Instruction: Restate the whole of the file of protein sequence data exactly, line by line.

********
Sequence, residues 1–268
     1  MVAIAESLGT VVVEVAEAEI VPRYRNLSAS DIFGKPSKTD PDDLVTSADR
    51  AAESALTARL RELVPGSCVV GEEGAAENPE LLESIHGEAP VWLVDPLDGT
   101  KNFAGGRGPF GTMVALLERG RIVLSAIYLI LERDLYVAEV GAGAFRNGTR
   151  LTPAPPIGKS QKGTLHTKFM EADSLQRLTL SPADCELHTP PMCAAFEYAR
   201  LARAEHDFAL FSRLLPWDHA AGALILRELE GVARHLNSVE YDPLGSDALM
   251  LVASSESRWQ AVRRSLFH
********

Sequence, residues 1–268
     1  MVAIAESLGT VVVEVAEAEI VPRYRNLSAS DIFGKPSKTD PDDLVTSADR
    51  AAESALTARL RELVPGSCVV GEEGAAENPE LLESIHGEAP VWLVDPLDGT
   101  KNFAGGRGPF GTMVALLERG RIVLSAIYLI LERDLYVAEV GAGAFRNGTR
   151  LTPAPPIGKS QKGTLHTKFM EADSLQRLTL SPADCELHTP PMCAAFEYAR
   201  LARAEHDFAL FSRLLPWDHA AGALILRELE GVARHLNSVE YDPLGSDALM
   251  LVASSESRWQ AVRRSLFH